Colorado Mountain College's Matt Gianneschi, CEO; Kirsten Gauthier-Newbury, Career Services Director; and Rachel Pokrandt, Interim Vice President and Campus Dean, discuss challenges specific to Colorado's Western Slope and share the successes of the career-oriented programs available to high school students which help them reduce college costs. (Aired September 14, 2016)

Stay tuned for more from!

If you know anyone who has used or should use this tool and would like to tell us about your experience in a sound byte or a whole podcast, please contact PR Coordinator Tara Alexander at 303-396-6210 or

CSU-Global Sponsorship Shines on Colorado Business Roundtable

Visitors to, the website of the Colorado Business Roundtable (COBRT), may have noticed a recent addition to the pages. A full-width banner now highlights COBRT's newest sponsor, Colorado State University-Global Campus (CSU-Global).

A screenshot of the CSU-Global banner on

A screenshot of the CSU-Global banner on

Although this is not the first time CSU-Global and COBRT have collaborated, it is the first time that the organizations have done so formally. Education and Workforce is one of COBRT's Key Issues within its scope of promoting a business-friendly region. CSU-Global is one of the three separate campuses in the Colorado State University System and the country’s first and only fully-accredited, public, non-profit, degree-granting university that is an entirely independent and 100% online school; not a virtual option supporting a bricks and mortar institution. The University is a premier provider of innovative, higher learning opportunities for nontraditional students in Colorado and beyond. Therefore, it is easy to see how working together to promote initiatives such as Skillful, for example, is a natural fit.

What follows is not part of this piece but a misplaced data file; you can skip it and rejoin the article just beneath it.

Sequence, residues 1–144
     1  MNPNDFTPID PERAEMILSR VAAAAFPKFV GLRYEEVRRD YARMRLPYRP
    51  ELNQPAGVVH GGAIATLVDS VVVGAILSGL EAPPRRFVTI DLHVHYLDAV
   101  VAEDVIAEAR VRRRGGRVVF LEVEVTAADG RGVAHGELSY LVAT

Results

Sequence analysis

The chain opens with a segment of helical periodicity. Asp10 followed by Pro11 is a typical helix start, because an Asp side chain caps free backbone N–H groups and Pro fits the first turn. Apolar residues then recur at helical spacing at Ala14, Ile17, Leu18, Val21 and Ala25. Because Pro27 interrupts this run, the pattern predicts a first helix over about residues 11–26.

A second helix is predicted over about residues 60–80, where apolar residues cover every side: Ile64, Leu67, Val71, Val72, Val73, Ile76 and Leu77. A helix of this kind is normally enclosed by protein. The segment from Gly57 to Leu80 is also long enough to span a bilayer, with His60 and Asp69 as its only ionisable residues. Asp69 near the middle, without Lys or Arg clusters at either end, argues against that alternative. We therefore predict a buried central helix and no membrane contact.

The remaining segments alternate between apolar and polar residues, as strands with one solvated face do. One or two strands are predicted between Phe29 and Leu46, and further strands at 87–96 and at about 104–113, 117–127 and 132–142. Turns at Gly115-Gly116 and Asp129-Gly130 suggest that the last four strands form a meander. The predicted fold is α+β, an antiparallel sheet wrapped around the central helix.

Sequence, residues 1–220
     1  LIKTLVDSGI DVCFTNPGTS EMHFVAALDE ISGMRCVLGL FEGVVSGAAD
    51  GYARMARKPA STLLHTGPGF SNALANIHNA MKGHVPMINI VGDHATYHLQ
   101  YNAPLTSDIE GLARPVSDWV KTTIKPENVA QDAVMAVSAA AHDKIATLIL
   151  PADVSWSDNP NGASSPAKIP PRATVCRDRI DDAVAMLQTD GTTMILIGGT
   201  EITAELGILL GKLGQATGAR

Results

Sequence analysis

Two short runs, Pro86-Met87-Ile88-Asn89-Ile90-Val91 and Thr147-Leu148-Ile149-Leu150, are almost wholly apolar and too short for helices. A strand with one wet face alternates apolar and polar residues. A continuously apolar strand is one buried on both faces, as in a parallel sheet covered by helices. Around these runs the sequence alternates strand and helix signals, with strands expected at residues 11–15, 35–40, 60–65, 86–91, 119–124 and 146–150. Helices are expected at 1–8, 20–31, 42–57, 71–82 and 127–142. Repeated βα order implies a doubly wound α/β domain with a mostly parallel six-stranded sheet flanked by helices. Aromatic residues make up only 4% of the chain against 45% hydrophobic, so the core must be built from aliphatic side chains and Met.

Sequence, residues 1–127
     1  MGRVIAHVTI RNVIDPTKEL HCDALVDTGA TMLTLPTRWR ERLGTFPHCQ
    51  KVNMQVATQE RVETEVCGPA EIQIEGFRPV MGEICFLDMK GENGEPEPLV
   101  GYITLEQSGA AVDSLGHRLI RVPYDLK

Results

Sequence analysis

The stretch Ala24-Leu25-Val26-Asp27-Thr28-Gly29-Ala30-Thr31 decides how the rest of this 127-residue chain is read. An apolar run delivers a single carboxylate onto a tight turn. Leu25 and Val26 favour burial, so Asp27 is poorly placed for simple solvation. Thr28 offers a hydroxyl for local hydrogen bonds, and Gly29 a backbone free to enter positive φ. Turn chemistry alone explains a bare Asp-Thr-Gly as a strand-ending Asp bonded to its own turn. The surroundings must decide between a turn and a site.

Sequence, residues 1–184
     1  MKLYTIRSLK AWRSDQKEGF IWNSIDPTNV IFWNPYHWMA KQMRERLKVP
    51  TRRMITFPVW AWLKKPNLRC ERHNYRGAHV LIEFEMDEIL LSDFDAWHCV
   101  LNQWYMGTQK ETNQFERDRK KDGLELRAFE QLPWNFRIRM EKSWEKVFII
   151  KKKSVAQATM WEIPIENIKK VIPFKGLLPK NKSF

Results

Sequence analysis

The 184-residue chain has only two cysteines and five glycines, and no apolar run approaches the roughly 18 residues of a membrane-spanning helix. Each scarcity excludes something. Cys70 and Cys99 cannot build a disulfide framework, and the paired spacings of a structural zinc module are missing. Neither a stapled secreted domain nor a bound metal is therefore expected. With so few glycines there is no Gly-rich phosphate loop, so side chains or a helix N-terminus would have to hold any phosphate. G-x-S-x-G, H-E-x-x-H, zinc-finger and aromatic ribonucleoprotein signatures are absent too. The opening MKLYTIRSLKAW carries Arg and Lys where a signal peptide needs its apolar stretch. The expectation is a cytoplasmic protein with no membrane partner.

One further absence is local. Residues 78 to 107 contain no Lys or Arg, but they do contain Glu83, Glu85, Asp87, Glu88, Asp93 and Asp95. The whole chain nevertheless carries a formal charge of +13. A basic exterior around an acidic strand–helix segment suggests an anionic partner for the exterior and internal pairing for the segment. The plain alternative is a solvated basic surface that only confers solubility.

"Colorado State University-Global Campus is proud to partner with the Colorado Business Roundtable, in support of the business community and workplace success through education. As a leader in modern learning, CSU-Global continues to expand opportunities for companies and their employees to move industry forward through investment in higher education," said Dr. Becky Takeda-Tinker, president and CEO.